by Alexa Borgert
India – colorful saris, fragrant spices, cows on the road, traffic chaos, culture shock, Namaste… Almost everyone has probably seen these in documentaries or heard about them from friends or acquaintances. I think we tend to have a very preconceived and exoticized* image of India in Germany. That’s why it took me an incredibly long time to make the decision to write this article. Then, in the middle of my description of intense sensory impressions and chaotic street crossings, I decided to do the opposite – namely, not to write this report.
Why? I tried to write about my experiences in a reflective and self-critical manner, and in the middle of it, I suddenly thought to myself: No! I can try as well as I like: it is and will always remain my individual, and above all, eurocentric*, point of view.
I would like to return once again as an ethnologist and researcher to interview people and let them have their say. Then, I could critically question my perspective and take a closer look from my own cultural point of view. But I am deeply reluctant to write one more of the thousands of travel reports about my personal ‘borderline experience,’ ‘culture shock,’ or ‘personal development.’ There’s already enough of that. Writing a report for myself in my diary or sharing my experiences with friends and relatives is a different matter. That’s about an exchange of experiences. However, in this case, I don’t have the opportunity to exchange experiences. Instead, I get the feeling that with every sentence, I impose my eurocentric view of India on the reader. Therefore, I’d rather not do it.
This is precisely the problem with Western-style historiography: people are always writing about others without letting them have their say.
Our blog is intended to focus on personal experiences and individual lifestyles. While my experiences in India are a part of it, in this particular case, it’s not about the culture that has shaped me and that I know so well. Therefore, I find it difficult to cover the subject when I’ve only taken a short trip to India and haven’t lived there for an extended period.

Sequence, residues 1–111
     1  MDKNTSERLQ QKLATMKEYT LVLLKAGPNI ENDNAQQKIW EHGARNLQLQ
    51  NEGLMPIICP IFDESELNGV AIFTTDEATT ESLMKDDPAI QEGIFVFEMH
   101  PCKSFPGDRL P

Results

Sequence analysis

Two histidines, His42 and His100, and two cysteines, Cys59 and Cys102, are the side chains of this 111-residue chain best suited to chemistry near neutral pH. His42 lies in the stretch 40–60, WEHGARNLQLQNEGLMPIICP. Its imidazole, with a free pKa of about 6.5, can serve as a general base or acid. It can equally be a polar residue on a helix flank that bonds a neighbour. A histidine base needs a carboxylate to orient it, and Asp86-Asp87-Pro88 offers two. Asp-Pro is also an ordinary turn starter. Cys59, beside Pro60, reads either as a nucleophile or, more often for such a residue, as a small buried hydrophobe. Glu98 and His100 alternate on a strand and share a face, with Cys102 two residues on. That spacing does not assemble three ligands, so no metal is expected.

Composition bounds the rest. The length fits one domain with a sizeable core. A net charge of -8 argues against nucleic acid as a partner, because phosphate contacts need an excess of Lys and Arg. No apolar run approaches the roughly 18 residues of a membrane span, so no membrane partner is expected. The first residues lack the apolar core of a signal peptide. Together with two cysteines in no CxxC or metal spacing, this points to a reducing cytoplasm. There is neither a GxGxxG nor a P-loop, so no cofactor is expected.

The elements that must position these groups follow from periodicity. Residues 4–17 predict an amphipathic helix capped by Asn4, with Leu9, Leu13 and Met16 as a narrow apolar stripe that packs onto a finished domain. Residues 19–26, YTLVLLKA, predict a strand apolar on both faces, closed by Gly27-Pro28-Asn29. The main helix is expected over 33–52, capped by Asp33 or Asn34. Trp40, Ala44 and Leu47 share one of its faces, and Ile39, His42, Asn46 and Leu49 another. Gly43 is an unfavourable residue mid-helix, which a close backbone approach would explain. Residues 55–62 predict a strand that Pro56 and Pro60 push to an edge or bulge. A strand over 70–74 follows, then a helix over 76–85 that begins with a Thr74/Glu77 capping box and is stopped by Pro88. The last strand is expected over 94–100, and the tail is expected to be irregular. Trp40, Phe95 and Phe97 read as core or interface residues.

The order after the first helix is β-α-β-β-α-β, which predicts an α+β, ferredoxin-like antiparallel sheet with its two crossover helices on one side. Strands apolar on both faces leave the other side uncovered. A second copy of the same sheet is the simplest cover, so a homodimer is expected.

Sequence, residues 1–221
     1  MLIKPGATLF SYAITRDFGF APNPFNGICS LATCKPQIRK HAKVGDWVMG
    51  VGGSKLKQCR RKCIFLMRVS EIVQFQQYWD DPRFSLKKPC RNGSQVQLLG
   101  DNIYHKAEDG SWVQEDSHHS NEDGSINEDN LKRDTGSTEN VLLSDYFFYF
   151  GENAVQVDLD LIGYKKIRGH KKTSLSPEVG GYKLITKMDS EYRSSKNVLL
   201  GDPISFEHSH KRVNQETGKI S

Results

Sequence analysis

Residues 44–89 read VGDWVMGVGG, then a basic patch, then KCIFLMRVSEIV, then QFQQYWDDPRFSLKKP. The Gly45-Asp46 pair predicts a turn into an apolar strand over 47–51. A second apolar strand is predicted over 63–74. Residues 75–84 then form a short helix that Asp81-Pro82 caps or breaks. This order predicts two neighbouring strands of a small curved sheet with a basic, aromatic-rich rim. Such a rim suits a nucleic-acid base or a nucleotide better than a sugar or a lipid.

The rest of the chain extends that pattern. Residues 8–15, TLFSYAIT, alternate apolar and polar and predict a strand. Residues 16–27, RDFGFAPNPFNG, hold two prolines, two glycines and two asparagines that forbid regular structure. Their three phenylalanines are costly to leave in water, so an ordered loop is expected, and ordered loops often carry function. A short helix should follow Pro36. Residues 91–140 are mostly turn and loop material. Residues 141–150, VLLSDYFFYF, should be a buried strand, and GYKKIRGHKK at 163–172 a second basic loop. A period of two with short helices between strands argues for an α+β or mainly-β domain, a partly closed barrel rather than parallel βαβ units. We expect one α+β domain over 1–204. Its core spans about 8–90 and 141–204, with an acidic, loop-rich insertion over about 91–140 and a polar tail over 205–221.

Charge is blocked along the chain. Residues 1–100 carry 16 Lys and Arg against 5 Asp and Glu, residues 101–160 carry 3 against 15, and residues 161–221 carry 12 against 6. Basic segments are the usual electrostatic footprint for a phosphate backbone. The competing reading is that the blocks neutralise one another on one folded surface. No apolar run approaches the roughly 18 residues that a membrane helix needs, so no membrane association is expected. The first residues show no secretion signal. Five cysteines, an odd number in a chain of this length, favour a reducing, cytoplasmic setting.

I must say that after wrestling with an inner conflict for weeks, I feel much better with this decision.
Congratulations on making it to the end of this perhaps somewhat unusual article. It may seem a little strange. Why am I sharing my inner conflict with you? Because that’s precisely the point. I can write about my feelings and thoughts, but I can’t accurately depict the lifestyles of others without giving them a voice. I simply lack the background knowledge to help me explain – both to myself and to you, the reader – the observations I’ve made on this journey. All my interpretations are rooted in my own life experiences, most of which I gained in a completely different context. During my trip, unfortunately, I had limited opportunities to engage in meaningful conversations with people who are intimately familiar with this foreign environment, which would have allowed me to validate my own assessments.
Well, I am open to discuss the topic with you once more at ClubIn and learn about your way of thinking. I’m looking forward to it!
*Exoticization is a term used in cultural studies to describe the attitude of positively evaluating foreign cultures and attributing a special fascination to them. The culture is perceived through an ‘exotic’ lens, while this biased perspective is often questioned little or not at all.
*Eurocentrism is a term that criticizes the description and judgment of non-European cultures based on European values and norms. This viewpoint, rooted in colonialism, regards European values as a standard easily applicable to all cultures.
Translated by Joeline O‘Reilly